Hotly anticipated, and already heavily raved by the French press before it bowed on the Croisette on Thursday, the new film by Jacques Audiard (ICS Award winner in 2011 for A Prophet) delivers on all levels. The film provides an unflinching and raw look at the difficult relationship between an odd couple of emotionally, and in one case physically, crippled people. While it’s dangerous to bandy about the word ‘austerity’ in economical times like these, with the film business not exactly known for its adherence to the concept, Audiard certainly knows how to apply austerity to his films. All excess fat is cut from the narrative bones, with hardly any background provided for the characters. We don’t need it, and that’s in part due to winning performances by the film’s leads, Marion Cotillard and Matthias Schoenaerts, whose subtle work evokes everything we need to know about their characters without resorting to heavy exposition.
We first meet Schoenaerts’ character Ali as he travels with his five-year-old son Sam towards the south of France, where his sister Anna (Corinne Masiero) and her husband take in the moneyless pair. Ali finds a job as a bouncer, and life is slowly starting to look up for him. He meets Stéphanie (Cotillard) when she is involved in a brawl outside the club where he’s working. He takes her home, and an immediate connection between the two is felt, but other than leaving his phone number behind, nothing happens. The focus then shifts to Stéphanie, whom we follow in her day job as an orca trainer. To his credit, Audiard manages to introduce her job and the ensuing work accident (when Stéphanie loses her lower legs) in a single sequence, again doing without any unnecessary build-up and preventing melodrama from seeping in, an approach that he uses throughout the whole film. In the aftermath of the accident, Stéphanie descends into a depression, and when she hits rock bottom she calls the number Ali left her. The uncomplicated and blunt Ali is just what she needs. She is not looking for pity, and she finds his indifference to her situation refreshing. In most other films an uplifting relationship would develop between these two, but Audiard understands that his leading characters are too jaded and emotionally inept to immediately go that route: Stéphanie hates men and loathes herself, and Ali steers clear of any deeper commitment with women. Still, the two find a certain solace in each other, even if their bond is mostly based on sex. As soon as Stéphanie confronts Ali about leaving her at a party for a one-night stand with another girl, he retracts.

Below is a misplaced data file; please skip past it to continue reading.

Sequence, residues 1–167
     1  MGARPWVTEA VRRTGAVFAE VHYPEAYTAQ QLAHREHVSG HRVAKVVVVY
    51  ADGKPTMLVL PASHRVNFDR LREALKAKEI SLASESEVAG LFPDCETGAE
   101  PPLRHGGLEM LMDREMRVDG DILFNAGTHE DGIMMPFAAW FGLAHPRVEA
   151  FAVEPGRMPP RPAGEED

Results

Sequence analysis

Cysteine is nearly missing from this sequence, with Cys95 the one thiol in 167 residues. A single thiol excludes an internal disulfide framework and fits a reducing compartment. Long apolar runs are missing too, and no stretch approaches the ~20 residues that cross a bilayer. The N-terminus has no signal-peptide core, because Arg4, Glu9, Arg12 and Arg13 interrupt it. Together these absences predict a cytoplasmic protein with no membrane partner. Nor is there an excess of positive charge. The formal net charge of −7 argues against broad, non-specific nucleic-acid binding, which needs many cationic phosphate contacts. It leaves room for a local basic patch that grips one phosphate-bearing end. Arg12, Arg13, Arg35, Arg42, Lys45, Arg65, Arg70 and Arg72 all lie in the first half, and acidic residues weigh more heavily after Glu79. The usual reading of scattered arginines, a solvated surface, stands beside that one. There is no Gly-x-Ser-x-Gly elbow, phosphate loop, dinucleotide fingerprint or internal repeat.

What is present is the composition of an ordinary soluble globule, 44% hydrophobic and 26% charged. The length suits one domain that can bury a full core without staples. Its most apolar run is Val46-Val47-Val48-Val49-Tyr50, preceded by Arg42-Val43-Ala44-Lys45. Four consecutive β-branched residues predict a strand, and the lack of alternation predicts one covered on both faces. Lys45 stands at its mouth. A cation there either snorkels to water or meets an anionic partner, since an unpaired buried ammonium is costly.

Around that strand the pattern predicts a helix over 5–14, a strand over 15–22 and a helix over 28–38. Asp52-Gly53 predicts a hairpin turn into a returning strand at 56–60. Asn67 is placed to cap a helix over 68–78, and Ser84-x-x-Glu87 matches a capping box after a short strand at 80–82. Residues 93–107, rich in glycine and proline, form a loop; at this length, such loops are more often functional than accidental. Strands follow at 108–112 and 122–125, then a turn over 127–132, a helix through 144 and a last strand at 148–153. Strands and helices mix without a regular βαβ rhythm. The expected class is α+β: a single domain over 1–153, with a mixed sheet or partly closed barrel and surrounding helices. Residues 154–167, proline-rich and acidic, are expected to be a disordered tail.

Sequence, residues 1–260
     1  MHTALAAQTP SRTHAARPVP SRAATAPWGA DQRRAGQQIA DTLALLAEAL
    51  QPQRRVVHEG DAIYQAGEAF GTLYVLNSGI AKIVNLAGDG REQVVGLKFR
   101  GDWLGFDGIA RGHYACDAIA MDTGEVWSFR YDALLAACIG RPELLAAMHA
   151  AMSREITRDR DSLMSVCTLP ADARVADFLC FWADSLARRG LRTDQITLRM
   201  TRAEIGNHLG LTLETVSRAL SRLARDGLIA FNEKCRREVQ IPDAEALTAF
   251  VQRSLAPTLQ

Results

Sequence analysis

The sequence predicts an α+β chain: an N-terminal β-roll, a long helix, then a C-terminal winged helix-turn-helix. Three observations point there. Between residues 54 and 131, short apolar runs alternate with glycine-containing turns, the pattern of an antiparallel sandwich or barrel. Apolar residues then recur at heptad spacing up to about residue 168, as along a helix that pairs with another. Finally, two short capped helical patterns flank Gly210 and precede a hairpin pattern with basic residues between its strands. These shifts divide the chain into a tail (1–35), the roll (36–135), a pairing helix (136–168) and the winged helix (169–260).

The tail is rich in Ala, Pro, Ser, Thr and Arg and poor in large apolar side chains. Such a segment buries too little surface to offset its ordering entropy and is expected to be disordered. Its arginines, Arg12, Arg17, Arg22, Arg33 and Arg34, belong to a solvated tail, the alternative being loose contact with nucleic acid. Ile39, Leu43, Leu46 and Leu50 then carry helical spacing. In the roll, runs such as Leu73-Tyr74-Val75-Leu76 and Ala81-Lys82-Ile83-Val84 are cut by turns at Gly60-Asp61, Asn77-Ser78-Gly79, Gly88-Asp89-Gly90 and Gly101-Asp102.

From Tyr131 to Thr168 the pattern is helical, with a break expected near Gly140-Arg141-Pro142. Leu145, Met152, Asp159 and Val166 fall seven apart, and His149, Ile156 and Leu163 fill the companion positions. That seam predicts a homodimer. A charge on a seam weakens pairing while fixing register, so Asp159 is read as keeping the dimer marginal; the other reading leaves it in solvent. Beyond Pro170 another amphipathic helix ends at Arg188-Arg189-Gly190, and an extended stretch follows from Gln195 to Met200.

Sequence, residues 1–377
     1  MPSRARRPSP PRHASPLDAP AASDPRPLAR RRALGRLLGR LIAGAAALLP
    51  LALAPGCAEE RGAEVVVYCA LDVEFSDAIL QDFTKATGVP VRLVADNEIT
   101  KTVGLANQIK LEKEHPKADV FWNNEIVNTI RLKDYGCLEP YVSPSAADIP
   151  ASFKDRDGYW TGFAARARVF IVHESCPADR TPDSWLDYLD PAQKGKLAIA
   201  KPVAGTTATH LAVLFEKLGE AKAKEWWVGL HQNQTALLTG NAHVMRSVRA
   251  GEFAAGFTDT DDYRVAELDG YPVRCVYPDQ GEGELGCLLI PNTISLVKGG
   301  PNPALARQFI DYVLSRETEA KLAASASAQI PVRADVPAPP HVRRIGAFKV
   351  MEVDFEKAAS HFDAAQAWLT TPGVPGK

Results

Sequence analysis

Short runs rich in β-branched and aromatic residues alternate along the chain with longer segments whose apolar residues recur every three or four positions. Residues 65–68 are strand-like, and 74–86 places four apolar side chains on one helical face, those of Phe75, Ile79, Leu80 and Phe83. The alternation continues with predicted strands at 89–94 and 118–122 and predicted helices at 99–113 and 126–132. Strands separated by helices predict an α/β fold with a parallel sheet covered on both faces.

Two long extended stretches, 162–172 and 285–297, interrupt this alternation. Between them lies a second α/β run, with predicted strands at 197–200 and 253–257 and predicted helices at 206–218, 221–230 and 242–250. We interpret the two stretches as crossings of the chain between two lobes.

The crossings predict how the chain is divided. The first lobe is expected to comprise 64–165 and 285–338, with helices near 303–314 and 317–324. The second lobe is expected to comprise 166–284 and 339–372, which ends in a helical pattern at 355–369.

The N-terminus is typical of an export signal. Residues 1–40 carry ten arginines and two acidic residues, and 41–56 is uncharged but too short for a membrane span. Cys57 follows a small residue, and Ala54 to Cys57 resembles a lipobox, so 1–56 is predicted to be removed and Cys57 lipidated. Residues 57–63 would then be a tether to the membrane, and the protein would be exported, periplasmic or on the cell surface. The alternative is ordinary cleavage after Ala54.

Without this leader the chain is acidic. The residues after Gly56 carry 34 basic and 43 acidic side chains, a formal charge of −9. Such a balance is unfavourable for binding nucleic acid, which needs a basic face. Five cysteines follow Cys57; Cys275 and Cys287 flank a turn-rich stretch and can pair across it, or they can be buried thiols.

Other plot strands try to deepen Ali’s character, but they don’t always work. When he’s shown starting to make money as an illegal prize fighter, it highlights the amount of pent-up aggression in the character, which can come out in bursts, even at home. Seeing Schoenaerts in these scenes is like watching a force of nature, even if he’s not quite the same size anymore as he was in Bullhead. Another sequence where he installs security cameras results in damage to one of his loved ones, but it doesn’t affect our view of Ali, and this part of the tale is less effective. Meanwhile, Stéphanie gets new (mechanical) legs, and we see her confidence build, but as the scene where she’s ditched at the party shows, that confidence does not take away her self-loathing and hatred.
One of the film’s strengths is the restraint Audiard employs in showing the interaction between his leads and what they have in terms of a relationship. He does away with any sentimentality or melodrama, which the film could have easily devolved into in the hands of a lesser director. Instead, he uses the cinematography, sound design and editing to emphasize the fragile and chaotic bond between his two main characters. The camera moves frantically, the image sometimes going out of focus. The sound often drowns out parts of the dialogue, and the editing goes from rapid-fire to slow and back. As their friendship becomes more stable, so do these technical aspects of the film. Audiard manages to stay away from manipulating his audience most of the time, coming closest when Stéphanie returns to the aquarium and communicates with one of the killer whales through hand and arm movements. But even then the parallel between the big mammal and Ali is abundantly clear.
The French helmer also manages to extract powerhouse performances from his main stars. We already knew that Cotillard was a great actress, but this may be her best performance to date. The subtlety and nuance in the performance is impressive, and her naturalism is just what the role requires. Cotillard manages to do a lot with just a look or even just changing her body tension. She is closely matched by a brooding performance by Schoenaerts, in many ways not dissimilar to his role in Bullhead. He, too, does not have to rely on any ‘big’ acting moments, but instead uses his eyes and his demeanor to convey the emotional state of Ali, a man of few words as it is. It should be noted that the chemistry between the two is there in spades.
Final mention should go to the excellent CGI work to make Cotillard’s legs disappear. We are sometimes left wondering just how the filmmakers accomplished that; an early scene in the ocean is particularly impressive. It’s a shame work like this is often overlooked come awards time.